By Jim Schutze
By Rachel Watts
By Lauren Drewes Daniels
By Anna Merlan
By Lee Escobedo
By Eric Nicholson
Justice League: The New Frontier
Based on Darwyn Cooke's comic-book miniseries — a masterpiece starring all of DC Comics' major-leaguers at the dawn of their immortality during the Cold War — this animated adaptation plays stronger, faster, and further than any direct-to-DVD in recent memory. It's a grown-up superheroes story, with scenes of startling violence (early and often) punctuated by bursts of curse words drawn to Cooke's retro-specific specs — don't watch with the kids, however tempting. Superman's a government lackey; Wonder Woman's a liberated, pissed-off warrior; Batman's a paranoid father; and the Flash and Green Lantern are minor figures with starring roles. Also included: a long JL doc dating back to the Justice Society '40s, as well as other teasers, but the movie leaps tall buildings in a single viewing. —Robert Wilonsky
The Darjeeling Limited
With the exception of his debut — Bottle Rocket, still his most human film — all of Wes Anderson's movies have received the Criterion Collection treatment: fancy and full-blown, the show-off's how-to turned celebratory autopsy. Not so this shrug of a self-parody, in which Anderson takes the set-in-a-house Royal Tenenbaums and set-on-a-ship Life Aquatic, and sets it on an Indian train downbound for familiar familial smashups and makeups. It stars a heavily bandaged Owen Wilson (playing suicidal, er...) and his big-screen bros Adrien Brody and Jason Schwartzman, who also co-wrote (and proves that Anderson, not Noah Baumbach, deserves the blame for the lifeless Life). The only bonuses: the too-long short Hotel Chevalier (infamous for naked-ish Natalie Portman) and a randomly assembled making-of featurette that's more a production-design piece, perfect for a filmmaker who fetishizes the details. Not that Darjeeling deserves much more. —R.W.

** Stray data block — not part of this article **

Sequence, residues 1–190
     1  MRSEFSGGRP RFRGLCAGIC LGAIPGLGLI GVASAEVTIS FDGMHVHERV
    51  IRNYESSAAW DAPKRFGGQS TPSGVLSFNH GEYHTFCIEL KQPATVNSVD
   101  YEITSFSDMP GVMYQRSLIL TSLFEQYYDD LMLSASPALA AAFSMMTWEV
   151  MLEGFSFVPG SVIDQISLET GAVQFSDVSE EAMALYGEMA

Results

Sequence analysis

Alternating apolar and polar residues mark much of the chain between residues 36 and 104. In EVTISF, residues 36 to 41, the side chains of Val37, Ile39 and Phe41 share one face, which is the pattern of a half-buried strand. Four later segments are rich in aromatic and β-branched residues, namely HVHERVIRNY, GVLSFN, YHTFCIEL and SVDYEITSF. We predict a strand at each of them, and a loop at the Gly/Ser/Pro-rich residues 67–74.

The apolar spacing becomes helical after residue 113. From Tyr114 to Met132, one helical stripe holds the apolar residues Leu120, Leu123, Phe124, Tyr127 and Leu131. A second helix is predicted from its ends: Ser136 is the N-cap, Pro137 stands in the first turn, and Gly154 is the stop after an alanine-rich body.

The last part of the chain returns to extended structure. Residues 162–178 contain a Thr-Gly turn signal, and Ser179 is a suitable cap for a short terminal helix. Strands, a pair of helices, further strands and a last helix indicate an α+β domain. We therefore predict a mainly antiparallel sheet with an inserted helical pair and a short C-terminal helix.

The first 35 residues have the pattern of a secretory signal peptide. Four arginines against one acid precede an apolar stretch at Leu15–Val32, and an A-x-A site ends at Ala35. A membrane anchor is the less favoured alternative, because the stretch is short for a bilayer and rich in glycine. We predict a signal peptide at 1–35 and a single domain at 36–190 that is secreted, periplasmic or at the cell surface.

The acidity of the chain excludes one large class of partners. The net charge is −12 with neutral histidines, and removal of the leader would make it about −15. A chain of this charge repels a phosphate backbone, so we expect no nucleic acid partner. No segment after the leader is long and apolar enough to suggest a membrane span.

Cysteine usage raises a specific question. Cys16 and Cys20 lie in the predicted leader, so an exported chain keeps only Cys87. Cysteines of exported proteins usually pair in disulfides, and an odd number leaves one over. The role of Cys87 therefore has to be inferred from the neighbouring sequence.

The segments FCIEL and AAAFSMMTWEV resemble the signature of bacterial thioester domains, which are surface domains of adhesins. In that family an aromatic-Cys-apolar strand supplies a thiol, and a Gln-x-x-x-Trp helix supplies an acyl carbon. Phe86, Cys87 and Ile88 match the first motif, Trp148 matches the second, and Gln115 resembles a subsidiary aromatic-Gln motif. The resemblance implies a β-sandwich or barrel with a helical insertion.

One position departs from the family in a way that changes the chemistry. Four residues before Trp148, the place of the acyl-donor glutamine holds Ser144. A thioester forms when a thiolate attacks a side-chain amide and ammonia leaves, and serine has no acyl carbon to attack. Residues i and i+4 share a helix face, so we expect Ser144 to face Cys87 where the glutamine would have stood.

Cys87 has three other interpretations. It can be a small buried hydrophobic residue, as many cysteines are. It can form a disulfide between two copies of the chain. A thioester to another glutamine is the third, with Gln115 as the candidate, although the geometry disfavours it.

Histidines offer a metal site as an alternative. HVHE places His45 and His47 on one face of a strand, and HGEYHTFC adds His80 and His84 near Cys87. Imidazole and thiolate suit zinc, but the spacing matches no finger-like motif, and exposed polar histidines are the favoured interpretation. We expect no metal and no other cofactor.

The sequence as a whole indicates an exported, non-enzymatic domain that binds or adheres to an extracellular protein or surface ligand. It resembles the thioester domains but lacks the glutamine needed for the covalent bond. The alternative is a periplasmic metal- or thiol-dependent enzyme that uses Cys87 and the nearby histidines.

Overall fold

Death at a Funeral
Director Frank Oz is not the genius of cinema that he is of puppetry, and this isn't his funniest film (that would be Dirty Rotten Scoundrels), but it's a worthwhile if workmanlike farce. Take one dead guy, gather all his family and friends, and their corresponding neuroses and baggage, and: high jinks ho! The biggest laughs come from Alan Tudyk as a man beset by nerves who takes the wrong pill and spends the funeral tripping balls. Also good is Peter Dinklage as a mysterious stranger; less convincing is Matthew Macfadyen as the mopey straight man at the center of the story. It's a 90-minute film that would've been too long at 91; two commentary tracks bestow an unnecessary air of dignity. —Jordan Harper
Beowulf: Director's Cut
Robert Zemeckis' gaudy telling of the immortal hero story is pure kitsch, Heavy Metal by way of lit class. John Malkovich, Angelina Jolie, Anthony Hopkins, and — good God, Crispin Glover — chomp and gnash their way through the story, reconfigured by comic-book-Jesus Neil Gaiman and Pulp Fiction co-scribe Roger Avary just as you'd imagine, which is to say: That's cool. It's perfect casting, then recasting, as Zemeckis shot the actors and turned them into characters who look like they live between chapters of a video game. And the unrated cut's even loopier than the theatrical release; hard to tell whether to be grossed out or tickled pink by all the bloodred. But far better than the movie is the making-of, featuring the actors packed into spandex on a soundstage, their sausage-casing bodies covered in computer-reading cotton balls. They're all living their own real-life Extras episode. —R.W.